Books by Bob
It's always good to catch up on some of the classic albums of the pop-rock era, but these albums will be especially good companions during the coronavirus crisis. We'll put up a new classic album each week, reaching into different musical genres and picked from different eras.
Sam Cooke - Live in the Harlem Square Club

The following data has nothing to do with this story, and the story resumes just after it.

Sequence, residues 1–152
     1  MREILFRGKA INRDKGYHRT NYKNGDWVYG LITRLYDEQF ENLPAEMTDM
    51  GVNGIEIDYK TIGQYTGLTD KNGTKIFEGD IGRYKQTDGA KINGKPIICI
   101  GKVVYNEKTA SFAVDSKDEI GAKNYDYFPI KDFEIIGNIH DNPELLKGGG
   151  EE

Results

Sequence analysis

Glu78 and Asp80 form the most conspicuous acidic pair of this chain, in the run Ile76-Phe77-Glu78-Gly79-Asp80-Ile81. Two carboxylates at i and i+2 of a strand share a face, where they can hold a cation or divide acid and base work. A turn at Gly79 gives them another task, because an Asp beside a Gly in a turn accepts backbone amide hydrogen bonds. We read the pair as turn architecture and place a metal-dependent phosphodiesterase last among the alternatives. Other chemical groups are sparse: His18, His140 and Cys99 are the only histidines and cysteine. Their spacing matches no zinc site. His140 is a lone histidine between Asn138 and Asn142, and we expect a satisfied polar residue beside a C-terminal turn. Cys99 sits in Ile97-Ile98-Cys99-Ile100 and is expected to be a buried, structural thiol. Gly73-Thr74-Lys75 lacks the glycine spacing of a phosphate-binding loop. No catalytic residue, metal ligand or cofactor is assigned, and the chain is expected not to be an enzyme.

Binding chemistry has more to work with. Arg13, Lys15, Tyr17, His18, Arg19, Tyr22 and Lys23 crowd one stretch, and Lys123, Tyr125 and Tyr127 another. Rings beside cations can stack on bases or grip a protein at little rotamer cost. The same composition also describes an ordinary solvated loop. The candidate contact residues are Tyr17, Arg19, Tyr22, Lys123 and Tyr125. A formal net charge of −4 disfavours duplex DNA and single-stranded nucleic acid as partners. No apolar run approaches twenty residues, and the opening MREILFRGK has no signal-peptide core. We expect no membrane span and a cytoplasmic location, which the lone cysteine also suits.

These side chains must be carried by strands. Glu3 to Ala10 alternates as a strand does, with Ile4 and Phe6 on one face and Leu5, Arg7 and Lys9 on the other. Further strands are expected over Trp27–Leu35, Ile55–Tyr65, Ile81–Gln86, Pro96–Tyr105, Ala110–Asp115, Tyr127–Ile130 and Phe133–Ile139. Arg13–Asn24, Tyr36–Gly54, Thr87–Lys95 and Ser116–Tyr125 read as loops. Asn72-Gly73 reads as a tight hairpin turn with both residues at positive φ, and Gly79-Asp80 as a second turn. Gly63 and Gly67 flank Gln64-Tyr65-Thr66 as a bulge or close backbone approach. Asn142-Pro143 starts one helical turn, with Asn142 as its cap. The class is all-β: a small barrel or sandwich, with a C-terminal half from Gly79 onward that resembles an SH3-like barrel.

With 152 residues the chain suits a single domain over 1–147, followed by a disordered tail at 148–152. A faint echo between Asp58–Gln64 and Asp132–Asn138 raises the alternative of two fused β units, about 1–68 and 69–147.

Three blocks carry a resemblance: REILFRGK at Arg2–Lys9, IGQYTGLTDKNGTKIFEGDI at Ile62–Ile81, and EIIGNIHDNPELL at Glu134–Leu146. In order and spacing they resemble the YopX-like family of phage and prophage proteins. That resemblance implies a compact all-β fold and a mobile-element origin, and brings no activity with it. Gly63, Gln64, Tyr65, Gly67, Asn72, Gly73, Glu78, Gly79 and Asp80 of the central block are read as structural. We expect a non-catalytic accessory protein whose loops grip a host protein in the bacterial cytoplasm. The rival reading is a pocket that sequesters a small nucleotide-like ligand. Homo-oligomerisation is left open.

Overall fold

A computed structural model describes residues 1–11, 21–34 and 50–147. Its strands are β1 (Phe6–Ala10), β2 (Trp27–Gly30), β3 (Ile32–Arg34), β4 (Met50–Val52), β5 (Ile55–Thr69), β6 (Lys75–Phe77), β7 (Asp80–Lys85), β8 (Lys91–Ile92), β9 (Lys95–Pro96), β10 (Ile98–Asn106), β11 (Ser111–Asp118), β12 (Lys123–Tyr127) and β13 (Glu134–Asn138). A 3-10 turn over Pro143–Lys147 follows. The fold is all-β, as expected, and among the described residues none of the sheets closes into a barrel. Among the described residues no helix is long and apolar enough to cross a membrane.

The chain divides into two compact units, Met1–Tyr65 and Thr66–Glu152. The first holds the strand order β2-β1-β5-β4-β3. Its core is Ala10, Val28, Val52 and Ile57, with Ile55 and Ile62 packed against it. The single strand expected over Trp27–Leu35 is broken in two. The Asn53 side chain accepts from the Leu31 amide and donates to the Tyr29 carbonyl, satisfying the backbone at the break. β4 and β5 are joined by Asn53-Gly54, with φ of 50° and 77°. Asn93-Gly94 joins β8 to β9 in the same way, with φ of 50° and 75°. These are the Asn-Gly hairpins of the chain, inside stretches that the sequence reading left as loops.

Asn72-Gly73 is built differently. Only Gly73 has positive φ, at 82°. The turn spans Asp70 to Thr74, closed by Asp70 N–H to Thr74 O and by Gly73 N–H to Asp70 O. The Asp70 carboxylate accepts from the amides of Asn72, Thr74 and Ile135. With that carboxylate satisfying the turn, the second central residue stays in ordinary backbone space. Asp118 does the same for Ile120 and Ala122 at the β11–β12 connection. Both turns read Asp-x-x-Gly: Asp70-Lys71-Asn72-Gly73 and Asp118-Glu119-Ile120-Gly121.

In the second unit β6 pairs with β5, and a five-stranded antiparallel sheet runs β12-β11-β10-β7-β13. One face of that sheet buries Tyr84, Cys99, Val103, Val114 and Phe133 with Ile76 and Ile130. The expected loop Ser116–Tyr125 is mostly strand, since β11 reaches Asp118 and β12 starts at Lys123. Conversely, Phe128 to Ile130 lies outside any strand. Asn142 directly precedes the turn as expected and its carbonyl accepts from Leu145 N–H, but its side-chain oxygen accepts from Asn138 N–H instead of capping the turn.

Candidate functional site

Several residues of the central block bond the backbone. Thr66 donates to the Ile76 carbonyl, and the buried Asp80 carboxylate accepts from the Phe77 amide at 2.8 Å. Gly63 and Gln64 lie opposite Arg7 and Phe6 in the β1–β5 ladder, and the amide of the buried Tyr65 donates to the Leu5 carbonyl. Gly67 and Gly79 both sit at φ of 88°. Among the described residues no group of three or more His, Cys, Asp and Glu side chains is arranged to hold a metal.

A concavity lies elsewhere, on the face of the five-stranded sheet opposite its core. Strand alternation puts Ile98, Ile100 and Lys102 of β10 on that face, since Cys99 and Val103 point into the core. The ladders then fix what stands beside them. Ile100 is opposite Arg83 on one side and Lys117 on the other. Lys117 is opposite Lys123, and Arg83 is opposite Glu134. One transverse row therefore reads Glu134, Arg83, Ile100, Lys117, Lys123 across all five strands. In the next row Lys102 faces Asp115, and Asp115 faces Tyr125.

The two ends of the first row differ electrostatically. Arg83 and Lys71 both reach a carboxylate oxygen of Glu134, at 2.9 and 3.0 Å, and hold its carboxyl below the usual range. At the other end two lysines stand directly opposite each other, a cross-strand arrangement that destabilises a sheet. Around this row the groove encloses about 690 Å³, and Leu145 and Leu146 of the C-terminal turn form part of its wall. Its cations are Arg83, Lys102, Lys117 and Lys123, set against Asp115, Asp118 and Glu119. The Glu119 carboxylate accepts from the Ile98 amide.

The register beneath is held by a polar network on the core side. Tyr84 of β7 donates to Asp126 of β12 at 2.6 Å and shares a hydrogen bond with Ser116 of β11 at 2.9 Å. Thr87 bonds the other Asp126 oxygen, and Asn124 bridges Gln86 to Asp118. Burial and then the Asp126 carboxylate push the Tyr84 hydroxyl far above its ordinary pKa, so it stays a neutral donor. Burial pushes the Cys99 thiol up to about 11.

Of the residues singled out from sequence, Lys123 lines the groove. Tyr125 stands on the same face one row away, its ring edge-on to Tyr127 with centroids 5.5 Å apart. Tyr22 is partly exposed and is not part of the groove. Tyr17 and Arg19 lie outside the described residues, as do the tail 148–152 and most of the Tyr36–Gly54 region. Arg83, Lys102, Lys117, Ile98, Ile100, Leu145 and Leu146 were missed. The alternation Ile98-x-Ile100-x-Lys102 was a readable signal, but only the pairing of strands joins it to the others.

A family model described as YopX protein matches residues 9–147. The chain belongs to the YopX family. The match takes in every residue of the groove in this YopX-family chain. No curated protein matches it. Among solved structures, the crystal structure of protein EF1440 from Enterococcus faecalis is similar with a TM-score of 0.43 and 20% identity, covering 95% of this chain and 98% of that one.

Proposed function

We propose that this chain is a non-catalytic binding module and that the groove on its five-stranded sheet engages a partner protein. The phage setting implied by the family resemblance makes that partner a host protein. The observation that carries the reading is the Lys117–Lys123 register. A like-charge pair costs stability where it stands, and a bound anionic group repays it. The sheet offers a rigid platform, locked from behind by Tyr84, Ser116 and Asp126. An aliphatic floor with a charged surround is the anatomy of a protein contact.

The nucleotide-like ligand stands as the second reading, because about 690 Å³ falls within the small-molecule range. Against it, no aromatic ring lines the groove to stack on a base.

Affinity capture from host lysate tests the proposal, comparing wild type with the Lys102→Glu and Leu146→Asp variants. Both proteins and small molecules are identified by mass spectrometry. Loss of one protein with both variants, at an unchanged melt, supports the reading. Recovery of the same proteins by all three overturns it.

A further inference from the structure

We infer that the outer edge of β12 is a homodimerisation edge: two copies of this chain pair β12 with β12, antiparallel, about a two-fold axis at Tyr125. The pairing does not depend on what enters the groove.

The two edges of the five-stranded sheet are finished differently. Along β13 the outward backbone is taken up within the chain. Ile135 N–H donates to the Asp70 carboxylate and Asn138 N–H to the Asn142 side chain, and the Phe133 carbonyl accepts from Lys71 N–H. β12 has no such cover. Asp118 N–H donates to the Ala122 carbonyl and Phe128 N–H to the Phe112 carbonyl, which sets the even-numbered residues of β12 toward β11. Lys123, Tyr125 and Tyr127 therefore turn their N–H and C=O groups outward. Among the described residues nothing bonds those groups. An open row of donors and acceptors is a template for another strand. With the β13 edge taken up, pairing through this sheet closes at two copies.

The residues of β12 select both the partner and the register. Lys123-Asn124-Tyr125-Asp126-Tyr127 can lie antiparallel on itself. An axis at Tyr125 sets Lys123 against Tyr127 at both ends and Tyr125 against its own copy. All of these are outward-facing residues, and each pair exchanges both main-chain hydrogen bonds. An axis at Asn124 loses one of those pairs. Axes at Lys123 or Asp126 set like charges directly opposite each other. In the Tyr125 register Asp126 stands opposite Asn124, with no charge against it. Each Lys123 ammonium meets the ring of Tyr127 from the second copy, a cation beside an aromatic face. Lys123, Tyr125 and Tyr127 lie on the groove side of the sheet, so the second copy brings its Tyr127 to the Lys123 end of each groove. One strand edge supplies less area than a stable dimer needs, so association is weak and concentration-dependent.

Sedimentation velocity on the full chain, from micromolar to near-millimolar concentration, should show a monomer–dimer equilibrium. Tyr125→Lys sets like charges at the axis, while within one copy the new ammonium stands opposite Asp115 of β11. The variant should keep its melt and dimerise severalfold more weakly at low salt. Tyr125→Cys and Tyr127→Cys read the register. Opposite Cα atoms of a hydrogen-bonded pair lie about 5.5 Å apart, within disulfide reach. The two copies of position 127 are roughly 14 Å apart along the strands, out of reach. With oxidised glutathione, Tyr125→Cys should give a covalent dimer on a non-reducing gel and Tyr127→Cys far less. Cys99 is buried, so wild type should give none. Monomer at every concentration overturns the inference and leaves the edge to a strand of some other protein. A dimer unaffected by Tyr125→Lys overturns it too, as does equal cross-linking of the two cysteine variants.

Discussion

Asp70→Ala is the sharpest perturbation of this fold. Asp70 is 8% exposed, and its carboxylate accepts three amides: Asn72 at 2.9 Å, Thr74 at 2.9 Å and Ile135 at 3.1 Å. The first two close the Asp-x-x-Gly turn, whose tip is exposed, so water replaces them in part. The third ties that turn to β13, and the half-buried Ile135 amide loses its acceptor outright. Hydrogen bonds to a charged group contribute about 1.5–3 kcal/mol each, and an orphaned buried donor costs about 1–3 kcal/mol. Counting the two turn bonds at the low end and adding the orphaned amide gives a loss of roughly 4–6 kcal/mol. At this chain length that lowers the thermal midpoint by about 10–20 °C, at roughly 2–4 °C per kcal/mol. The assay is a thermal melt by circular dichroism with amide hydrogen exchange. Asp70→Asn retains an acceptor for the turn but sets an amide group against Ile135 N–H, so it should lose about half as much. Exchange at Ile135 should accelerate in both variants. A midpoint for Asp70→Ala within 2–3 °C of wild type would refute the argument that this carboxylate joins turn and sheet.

Blessed with movie-star good looks and a great voice with almost choir-boy purity, Sam Cooke wrote and/or recorded more Top 40 hits (29) than Buddy Holly, Jerry Lee Lewis and Little Richard combined, yet many pop fans were surprised in 1986 when he was one of the first 10 artists inducted into the Rock and Roll Hall of Fame. That's because lots of those early hits were tame by early rock standards. For every soulful "You Send Me," there was "Everybody Wants to Cha Cha Cha" and "Cupid." Cooke turned out those pale pop ditties because he (and his record company) wanted to appeal to mainstream white pop fans, not just Black R&B ones. He even played the famous Copa night club in New York in 1964, complete with a cane and top hat, singing pop hits such as "Mona Lisa" and "Hey There."